KE: If I'm looking strictly at a validation component of an inspection, there are three levels that I could approach on. One would be the master plan, maybe for a new facility or some enormous project. It's not required to have one, but generally there must be some kind of plan to keep everything on track and, more so, prevent things from just slipping through the cracks. So, I may approach it from the top down at the plant, starting with the validation plan. The second approach is looking at validation from the standpoint of the ongoing demonstration of confidence in the process, not simply prospective validation or annual reviews but what else you have to satisfy your own—and our—desire to have confidence.
The third area within validation that I would look at or could start with would be the building block to validation, and that's qualification. I may just simply look at the qualification of the different sub-systems that go into a validated process, such as equipment qualification, of course. But other systems that the GMPs really say need to be qualified, such as personnel, utilities, how you look at and consider process qualification, how you develop your process and show that it's robust, and then that's one component along with the others. Validation, then, is an exercise on top of that. And that is an ongoing demonstration of confidence.
DV: There seems to be some degree of confusion in the industry on terminology. When you say "process validation," it includes IQs, OQs; it's just the overall documentation of the process activities. I see what other people present, and they say process validation means the PQ activity. Do you see the same type of confusion in terminology in the industry?
KE: Clearly there's a lot of confusion on terminology, not only within the industry but even within FDA. I tend to try to stay out of the confusion by simplifying it. I don't look, per se, for IQ or OQ. I look at the qualification for a system and how a firm goes about basically fulfilling the objective of, let's say, a piece of equipment, deciding what kind of equipment they want, what the requirements will be, and documenting the rationale first. This is often referred to as design qualification. But I don't call it that. It's just deciding what you want, demonstrating or documenting that you've got what you want, and then that it works the way you want, the way it's supposed to work. It is part of the initial qualification but, more importantly, it is a fundamental premise of validation that all of the underlying systems are qualified.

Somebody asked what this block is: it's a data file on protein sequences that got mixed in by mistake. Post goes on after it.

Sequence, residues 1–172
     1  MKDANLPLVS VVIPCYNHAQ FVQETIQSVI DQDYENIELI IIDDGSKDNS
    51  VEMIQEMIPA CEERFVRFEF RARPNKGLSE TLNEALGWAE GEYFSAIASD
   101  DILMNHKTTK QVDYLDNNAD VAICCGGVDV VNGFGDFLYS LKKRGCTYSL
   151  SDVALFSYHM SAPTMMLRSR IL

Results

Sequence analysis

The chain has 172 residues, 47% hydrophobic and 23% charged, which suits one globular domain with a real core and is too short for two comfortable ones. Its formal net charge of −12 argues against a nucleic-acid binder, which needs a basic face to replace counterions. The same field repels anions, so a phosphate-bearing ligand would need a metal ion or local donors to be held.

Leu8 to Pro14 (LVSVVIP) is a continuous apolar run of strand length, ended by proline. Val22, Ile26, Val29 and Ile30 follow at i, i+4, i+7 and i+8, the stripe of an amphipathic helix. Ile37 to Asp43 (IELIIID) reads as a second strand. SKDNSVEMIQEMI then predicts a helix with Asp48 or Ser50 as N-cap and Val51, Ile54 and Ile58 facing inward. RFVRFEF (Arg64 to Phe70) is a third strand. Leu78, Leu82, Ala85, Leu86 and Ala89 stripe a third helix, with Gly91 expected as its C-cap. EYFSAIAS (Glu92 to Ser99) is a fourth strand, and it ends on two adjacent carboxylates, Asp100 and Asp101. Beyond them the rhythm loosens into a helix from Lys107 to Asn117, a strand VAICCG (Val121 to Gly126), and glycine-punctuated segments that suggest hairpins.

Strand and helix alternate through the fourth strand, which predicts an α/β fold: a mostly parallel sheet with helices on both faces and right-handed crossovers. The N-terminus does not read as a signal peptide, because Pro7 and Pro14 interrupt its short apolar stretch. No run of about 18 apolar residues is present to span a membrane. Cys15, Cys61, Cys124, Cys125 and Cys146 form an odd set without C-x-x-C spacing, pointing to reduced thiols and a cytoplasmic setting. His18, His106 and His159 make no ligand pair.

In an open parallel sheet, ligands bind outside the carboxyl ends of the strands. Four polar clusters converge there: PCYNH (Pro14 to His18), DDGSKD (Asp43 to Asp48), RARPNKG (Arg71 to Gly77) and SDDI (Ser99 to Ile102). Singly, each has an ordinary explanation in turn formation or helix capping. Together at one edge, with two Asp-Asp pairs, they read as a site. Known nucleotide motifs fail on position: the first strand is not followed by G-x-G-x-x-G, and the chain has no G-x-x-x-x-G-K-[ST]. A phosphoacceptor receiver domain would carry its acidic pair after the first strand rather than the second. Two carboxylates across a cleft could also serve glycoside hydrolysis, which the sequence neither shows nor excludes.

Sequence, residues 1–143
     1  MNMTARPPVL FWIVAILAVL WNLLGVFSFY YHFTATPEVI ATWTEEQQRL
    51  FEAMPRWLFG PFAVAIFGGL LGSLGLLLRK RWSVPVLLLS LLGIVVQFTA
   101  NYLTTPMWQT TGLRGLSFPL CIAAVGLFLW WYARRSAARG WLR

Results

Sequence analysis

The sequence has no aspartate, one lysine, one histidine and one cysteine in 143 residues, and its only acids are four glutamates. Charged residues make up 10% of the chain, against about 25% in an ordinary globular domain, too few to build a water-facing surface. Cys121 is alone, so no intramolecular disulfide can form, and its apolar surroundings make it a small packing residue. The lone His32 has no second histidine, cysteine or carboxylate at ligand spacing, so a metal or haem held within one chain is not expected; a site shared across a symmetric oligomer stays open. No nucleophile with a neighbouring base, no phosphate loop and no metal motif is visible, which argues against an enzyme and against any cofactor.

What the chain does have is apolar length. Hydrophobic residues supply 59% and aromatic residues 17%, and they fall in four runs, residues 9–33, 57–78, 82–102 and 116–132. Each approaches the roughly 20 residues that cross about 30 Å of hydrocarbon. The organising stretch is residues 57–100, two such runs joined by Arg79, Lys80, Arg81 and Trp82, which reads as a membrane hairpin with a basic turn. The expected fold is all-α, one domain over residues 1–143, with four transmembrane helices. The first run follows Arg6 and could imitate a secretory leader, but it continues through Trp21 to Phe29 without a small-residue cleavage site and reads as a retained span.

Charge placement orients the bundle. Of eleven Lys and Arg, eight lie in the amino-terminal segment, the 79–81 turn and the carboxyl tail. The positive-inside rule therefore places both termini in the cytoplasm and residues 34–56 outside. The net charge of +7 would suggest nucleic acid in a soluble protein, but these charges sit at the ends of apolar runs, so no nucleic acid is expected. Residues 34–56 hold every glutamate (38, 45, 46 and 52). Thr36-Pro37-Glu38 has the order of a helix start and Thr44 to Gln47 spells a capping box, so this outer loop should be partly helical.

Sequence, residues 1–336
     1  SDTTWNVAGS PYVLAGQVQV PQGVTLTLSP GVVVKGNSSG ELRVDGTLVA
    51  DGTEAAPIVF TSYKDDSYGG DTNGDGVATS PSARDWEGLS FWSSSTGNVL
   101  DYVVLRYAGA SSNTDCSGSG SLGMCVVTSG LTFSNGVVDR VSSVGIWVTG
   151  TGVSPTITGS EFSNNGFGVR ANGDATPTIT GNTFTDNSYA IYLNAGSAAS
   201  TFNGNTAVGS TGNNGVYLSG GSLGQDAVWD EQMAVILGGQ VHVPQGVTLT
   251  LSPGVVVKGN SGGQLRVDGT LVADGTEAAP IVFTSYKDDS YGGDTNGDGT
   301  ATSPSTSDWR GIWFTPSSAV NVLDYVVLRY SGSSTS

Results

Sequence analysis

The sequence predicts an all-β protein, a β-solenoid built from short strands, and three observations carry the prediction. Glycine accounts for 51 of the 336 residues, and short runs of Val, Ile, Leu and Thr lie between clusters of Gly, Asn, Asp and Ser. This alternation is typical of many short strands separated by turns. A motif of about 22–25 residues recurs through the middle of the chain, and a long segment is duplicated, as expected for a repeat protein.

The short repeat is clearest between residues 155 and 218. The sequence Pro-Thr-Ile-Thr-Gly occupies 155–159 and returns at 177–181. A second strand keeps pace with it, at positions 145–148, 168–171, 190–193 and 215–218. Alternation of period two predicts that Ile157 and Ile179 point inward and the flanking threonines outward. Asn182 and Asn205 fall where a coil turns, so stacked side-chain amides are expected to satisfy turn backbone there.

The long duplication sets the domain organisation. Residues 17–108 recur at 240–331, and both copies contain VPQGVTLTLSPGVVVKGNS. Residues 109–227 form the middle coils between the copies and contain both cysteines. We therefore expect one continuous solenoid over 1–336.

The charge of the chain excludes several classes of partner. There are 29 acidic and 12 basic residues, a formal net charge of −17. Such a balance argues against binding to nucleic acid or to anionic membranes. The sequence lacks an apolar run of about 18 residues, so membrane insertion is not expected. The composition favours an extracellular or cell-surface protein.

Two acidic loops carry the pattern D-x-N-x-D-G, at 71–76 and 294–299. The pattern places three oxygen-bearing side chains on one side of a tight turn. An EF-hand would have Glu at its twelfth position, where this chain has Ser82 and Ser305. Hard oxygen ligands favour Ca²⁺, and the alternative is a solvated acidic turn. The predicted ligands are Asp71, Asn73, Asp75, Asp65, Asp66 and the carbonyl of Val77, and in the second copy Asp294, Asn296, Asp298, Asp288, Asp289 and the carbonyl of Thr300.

Really, the key component to qualification beyond the initial work is what systems are in place to show that that piece of equipment will remain in a qualified state, so that your validation—your confidence in your process—is going to be built on a solid foundation of well-qualified equipment or processes or people. It's not just the equipment.
I mean in qualification, equipment is one component—the one that gets the most attention—but I tend to apply that qualification concept to all other critical subsystems of a manufacturing operation like people, methods, and procedures. So, once you've established a qualified system, how do you keep it that way? Then change control comes into play in terms of assuring that if you do make changes to a qualified system, they are controlled and don't adversely impact validation or, if they do affect validation, you may indeed need to go back and address that in the process.
DV: I think you brought up a good point regarding training. I think the use of SOPs to support how you write an IQ, OQ, PQ is critical. Having a strong procedural training program is key to the process validation. Is that so?
KE: Certainly. First, before you've even had training, I think the firm needs to decide the process, how they're going to go about demonstrating that equipment is qualified, and then how they're going to demonstrate that a process is validated. Things need to be pretty clear. In today's world, with different companies and subcontractors and a variety of locations that may have to adhere to the same expectations within your company, establishing those standards is critical, as is getting people to understand them and understand the basis for them.